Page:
I have recently sketched a proof for how a 2-bundle with strict structure 2-group yields a (possibly twisted) nonabelian gerbe with curving and connection of a certain kind. In fact, it seems that except for one constraint the 2-bundle is more general. (For instance it turns out that the gerbe data encoded in the d ijLie(H)Ω 2(U ij) forms comes from infinitesimal loops in the arrow space of the 2-bundle’s base 2-space and are enriched for larger loops.)

That one constraint is the infamous dt(B i)+F A i=0, which comes from the nature of the strict structure 2-group.

But the most general 2-bundle has a coherent structure 2-group instead, and I have now worked out some facts related to surface holonomy using coherent 2-connections. There the above constraint is indeed alleviated! This might be interesting, since at the same time the data which makes a strict 2-group coherent is encoded in an object with three group indices, which might be a candidate carrier of the respective n 3 degrees of freedom seen on 5-branes.

I don’t know if it is, but I know how to construct a generalization of a nonabelian gerbe with consistent surface holonomy which depends on a couple of algebra-valued p-forms plus an element of H 3(G,K), where KH is an abelian group inside an non-associative algebra H. The key point is that in going from strict to coherent structure 2-groups one finds that up to “weakening” the essential equations remain intact:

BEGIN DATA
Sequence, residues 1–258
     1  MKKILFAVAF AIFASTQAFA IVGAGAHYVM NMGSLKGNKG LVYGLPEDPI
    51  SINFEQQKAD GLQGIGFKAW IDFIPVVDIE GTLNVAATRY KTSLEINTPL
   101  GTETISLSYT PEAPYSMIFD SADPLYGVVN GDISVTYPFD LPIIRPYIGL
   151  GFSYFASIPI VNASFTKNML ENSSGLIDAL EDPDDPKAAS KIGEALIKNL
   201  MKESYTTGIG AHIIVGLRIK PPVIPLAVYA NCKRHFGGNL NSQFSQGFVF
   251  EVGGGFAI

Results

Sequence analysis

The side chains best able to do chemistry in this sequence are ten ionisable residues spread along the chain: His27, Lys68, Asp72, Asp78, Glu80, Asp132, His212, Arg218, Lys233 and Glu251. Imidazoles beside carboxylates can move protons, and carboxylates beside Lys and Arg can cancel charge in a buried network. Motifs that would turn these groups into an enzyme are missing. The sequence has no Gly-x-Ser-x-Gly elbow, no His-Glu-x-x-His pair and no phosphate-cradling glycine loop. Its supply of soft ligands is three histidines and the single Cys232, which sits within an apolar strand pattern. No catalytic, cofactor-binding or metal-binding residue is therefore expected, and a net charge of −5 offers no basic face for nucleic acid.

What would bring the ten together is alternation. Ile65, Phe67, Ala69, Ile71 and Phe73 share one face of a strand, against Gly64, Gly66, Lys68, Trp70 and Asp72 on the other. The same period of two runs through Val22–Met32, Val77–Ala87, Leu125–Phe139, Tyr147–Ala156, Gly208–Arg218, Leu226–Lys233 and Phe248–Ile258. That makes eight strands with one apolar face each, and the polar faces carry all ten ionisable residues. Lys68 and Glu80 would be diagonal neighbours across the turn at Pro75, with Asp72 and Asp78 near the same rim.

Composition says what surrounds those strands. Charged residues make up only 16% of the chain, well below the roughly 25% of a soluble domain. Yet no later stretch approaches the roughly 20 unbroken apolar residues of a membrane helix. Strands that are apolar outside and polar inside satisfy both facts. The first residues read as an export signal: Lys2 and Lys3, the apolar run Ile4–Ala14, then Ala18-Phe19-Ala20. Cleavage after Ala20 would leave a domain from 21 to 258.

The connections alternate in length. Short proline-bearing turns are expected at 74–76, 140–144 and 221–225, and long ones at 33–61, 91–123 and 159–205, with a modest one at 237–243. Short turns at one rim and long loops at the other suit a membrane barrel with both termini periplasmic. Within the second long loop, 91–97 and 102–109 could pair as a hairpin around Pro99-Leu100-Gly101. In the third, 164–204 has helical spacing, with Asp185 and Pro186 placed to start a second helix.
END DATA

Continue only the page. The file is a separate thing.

Where the strict structure 2-group is described by a crossed module which involves the semidirect product of two groups, the coherent structure 2-group is described by what I tend to call a weak crossed module where the well-known relations hold only up to generalized similarity transformations which are determined by that element of H 3(G,K). This leads to a weakened form of path space connection and hence to a new notion of surface holonomy.

Arriving at this point involved a lot of work though. The results that I have managed to extract so far are summarized in this set of notes . (Look for the subsection ‘Coherent 2-Groups’.)

Posted at 5:47 PM UTC | Permalink | Followups (1)

November 3, 2004

Nonabelian gerbes with connection and curving from 2-bundles with 2-holonomy

Posted by Urs Schreiber

Theorem: A G-2-bundle with (‘categorically discrete’) base 2-space, strict structure automorphism 2-group, connection and 2-holonomy defines a nonabelian gerbe with connection and inner curving .


The following sketch of a proof heavily uses definitions and results from math.CT/0410328, hep-th/0409200 and hep-th/0309173. But a G-2-bundle with connection has not been defined yet, so here is the definition:

Definition: A G-2-bundle with connection is a 2-bundle with 2-cover U together with a 2-map